104 | Hayashi, Yuka and Salama, Vivian. The Wall Street Journal (2023). “Japan, Netherlands Agree to Limit Exports of Chip-Making Equipment to China.” January 28. Accessed: August 29, 2023.

105 | Technical assistance in conjunction with listed dual-use items does require an export controls license in the EU under certain circumstances. U.S. export control authorities go much further, potentially controlling the activities of U.S. persons, wherever located, if they support foreign “military, security, or intelligence services”—even when no listed items are involved. Wolf, Kevin J., Aminian, Shiva, Borkovic, Anne E. et al. Akin Gump (2023). “BIS Has New Authorities to Impose Controls over Activities of US Persons in Support of Foreign Military, Security, or Intelligence Services.” January 5. activities-of-us-persons-in-support-of-foreign-military-security-or-intelligence-services. Accessed: August 29, 2023.

106 | Interview with export controls compliance officer at a European university.

107 | “In the relationship with China, there must be an evidence-based benefit and risk assessment… This includes both whether research content includes sensitive technologies, as well as the question of whether access to research resources and information is reciprocal.” The Federal Government (2023). “Future Research and Innovation Strategy.” en/research/future-research-and-innovation-strategy/future-research-and-innovation-strategy_ node.html. Accessed: August 30, 2023. The German China strategy echoes this, calling for a balance between the opportunities stemming from working with China in advanced fields like AI and vigilance towards “unilateral technology transfers” which may aid Beijing’s military- civil fusion and human rights violations. The Federal Government (2023). “Strategy on China of the Government of the Federal Republic of Germany.” blob/2608580/317313df4795e104f1ea3263d41860d8/china-strategie-en-data.pdf.  Accessed:August 30, 2023.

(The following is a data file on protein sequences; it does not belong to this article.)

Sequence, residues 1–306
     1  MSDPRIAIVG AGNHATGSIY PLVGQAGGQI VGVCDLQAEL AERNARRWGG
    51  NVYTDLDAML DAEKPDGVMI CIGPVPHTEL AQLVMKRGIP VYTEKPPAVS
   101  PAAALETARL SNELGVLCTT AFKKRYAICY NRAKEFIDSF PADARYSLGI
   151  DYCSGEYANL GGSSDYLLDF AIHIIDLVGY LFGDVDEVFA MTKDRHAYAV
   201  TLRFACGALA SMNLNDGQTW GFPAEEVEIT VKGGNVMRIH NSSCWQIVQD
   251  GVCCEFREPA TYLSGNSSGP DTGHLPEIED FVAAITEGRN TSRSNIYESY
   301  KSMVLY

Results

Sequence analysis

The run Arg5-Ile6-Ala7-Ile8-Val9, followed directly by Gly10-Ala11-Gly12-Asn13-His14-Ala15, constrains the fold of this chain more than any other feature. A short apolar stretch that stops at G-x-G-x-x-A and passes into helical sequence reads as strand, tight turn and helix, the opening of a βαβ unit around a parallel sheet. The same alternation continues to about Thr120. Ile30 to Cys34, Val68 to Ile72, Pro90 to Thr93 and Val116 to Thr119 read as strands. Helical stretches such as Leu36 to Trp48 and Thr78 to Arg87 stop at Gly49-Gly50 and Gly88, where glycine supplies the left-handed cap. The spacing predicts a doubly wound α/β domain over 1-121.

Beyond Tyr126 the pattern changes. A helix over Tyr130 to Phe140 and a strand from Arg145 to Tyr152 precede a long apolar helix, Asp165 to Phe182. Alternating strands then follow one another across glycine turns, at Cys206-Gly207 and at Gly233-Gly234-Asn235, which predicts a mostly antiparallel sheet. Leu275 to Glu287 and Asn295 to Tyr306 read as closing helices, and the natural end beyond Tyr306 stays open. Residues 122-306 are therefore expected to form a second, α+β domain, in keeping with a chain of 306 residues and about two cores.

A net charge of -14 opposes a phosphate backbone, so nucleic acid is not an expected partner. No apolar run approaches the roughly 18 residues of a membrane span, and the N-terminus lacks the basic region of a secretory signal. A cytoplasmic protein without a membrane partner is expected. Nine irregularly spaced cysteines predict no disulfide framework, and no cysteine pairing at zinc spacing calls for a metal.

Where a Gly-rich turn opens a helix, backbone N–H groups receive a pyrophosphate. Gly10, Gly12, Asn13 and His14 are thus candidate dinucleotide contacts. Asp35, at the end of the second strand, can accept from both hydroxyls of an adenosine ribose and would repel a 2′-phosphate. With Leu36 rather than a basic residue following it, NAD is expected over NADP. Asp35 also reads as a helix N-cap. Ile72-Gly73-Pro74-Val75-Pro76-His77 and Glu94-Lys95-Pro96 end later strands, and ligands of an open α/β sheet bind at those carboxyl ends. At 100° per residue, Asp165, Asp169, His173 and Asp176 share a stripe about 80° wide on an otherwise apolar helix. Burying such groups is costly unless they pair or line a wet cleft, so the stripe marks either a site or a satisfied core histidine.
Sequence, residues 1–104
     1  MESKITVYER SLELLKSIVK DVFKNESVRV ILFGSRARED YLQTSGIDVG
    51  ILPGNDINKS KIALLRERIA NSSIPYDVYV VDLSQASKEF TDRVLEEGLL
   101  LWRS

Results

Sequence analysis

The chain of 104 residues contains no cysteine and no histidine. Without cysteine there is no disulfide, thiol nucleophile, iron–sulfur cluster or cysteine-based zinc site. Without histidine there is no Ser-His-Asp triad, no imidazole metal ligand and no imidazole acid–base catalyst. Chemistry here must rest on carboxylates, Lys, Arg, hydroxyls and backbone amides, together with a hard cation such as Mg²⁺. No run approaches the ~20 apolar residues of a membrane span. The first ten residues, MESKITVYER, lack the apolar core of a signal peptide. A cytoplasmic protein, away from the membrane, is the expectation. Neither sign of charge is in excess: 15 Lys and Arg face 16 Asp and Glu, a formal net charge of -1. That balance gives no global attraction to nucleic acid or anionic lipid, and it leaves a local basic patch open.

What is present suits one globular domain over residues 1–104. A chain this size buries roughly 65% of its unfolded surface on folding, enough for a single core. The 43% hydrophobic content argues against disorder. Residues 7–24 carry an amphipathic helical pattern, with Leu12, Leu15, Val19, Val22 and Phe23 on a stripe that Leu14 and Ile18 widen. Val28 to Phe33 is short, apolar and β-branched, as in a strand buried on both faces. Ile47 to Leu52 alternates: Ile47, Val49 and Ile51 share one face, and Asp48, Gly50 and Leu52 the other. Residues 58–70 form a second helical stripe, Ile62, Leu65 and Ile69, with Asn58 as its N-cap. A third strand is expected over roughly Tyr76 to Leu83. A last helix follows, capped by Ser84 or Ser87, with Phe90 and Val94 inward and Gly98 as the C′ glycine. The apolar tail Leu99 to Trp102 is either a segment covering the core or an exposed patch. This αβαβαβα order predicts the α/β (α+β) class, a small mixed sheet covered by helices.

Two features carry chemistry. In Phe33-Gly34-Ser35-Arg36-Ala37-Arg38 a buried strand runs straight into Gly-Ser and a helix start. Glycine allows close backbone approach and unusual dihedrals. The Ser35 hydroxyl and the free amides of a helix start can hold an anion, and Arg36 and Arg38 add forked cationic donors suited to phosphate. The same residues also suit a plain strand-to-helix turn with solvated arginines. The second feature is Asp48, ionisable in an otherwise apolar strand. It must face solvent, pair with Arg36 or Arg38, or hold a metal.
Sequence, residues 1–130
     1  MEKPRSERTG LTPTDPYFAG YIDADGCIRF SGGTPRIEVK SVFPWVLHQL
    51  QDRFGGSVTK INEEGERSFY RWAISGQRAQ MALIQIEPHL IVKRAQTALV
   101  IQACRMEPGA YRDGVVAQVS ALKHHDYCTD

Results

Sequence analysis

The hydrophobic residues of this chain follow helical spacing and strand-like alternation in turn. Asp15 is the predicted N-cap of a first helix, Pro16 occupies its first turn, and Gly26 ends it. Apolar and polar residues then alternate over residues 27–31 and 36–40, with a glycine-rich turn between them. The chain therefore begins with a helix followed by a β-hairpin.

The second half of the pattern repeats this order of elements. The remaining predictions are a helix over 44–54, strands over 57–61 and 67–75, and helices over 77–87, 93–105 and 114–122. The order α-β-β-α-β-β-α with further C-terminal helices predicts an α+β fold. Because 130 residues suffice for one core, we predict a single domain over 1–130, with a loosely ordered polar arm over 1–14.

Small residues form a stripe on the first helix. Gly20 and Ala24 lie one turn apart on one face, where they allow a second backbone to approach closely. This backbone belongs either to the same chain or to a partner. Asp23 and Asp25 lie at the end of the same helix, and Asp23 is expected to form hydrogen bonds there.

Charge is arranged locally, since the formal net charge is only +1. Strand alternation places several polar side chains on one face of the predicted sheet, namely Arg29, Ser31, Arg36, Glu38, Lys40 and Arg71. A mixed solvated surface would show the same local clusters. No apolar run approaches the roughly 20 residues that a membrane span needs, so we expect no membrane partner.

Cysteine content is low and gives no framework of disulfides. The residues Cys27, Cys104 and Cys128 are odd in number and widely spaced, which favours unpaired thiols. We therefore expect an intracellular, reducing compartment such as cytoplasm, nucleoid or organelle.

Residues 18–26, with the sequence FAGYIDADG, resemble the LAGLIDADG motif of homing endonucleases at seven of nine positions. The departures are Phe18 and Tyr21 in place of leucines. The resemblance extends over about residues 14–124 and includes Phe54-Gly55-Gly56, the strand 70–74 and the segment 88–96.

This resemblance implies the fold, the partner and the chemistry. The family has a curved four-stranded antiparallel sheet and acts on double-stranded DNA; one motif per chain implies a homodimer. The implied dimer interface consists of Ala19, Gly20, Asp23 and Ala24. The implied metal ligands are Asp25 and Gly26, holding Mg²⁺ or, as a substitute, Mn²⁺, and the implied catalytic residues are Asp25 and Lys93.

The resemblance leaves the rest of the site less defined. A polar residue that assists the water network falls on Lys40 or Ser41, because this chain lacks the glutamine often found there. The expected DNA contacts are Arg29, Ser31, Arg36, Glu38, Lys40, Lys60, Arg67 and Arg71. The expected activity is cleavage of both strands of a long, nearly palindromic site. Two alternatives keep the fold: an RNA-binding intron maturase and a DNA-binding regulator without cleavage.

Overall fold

108 | Interview with representative of a European tech company that conducts AI R&D in China. Microsoft Research Asia announced a similar policy in April 2022. QbitAI (WeChat account) (2022). “MSRA is forced to stop hiring students from the Seven Sons of National Defense and Beijing University of Posts and Telecommunications (MSRA被曝停招国防七子及北邮学生). April 14. yKWVd9DSRy7nhjtkR7UTMw. Accessed: August 29, 2023.

109 | Interview with leadership of a technical university in Northern Europe.

110 | European Commission (2021). “Commission Recommendation (EU) 2021/1700 of 15 September 2021 on internal compliance programmes for controls of research involving dual-use items under Regulation (EU) 2021/821 of the European Parliament and of the Council setting up a Union regime for the control of exports, brokering, technical assistance, transit and transfer of dual-use items.” Official Journal of the European Union 338:1–52.

111 | Proposals for public-private partnerships along these lines have been put forth by several scholars. See: Flagg, Melissa and Arnold, Zachary (2021). “A New Institutional Approach to Research Security in the United States: Defending a Diverse R&D Ecosystem.” January. publication/a-new-institutional-approach-to-research-security-in-the-united-states/. Accessed: August 29, 2023; Stoff, Jeffrey. Center for Research Security & Integrity (2023). “Should Democracies Draw Redlines around Research Collaboration with China? A Case Study of Germany.” https://  Stoff-DrawingRedlinesFINAL.pdf. Accessed: August 29, 2023; Sheehan, Matt, Kerry, Cameron F., and Meltzer, Joshua P. Brookings (2023). “Can Democracies Cooperate with China on AI Research?” January 9. Accessed: May 15, 2023.

112 | Weinstein, Emily S., and Luong, Ngor. Center for Security and Emerging Technology (2023). “U.S. Outbound Investment into Chinese AI Companies.” February. publication/u-s-outbound-investment-into-chinese-ai-companies/. Accessed: June 27, 2023.

113 | Lu, Christina and Rathi, Anusha. Foreign Policy (2023). “Chinese Scientists Are Leaving the United States.” July 13. academia-china-initiative/. Accessed: July 14, 2023. Additionally, the pace of Chinese-U.S. scientific collaboration in AI has slowed considerably since 2021, which may reflect the erosion of bilateral ties resulting from strategic competition. Stanford Institute for Human-Centered Artificial Intelligence (HAI) (2023). “AI Index Annual Report: Measuring Trends in Artificial Intelligence.” https://aiindex. Accessed: August 29, 2023.

114 | One study on AI talent in Germany found that as many as 70 percent of AI experts with a Chinese bachelor’s degree leave the country after earning their doctorate. Maham, Pega, Heumann, Stefan, Denkena, Wiebke et al. Stiftung Neue Verantwortung (2022). “AI Talent Flows in Germany.” December 14. Accessed: August 29, 2023.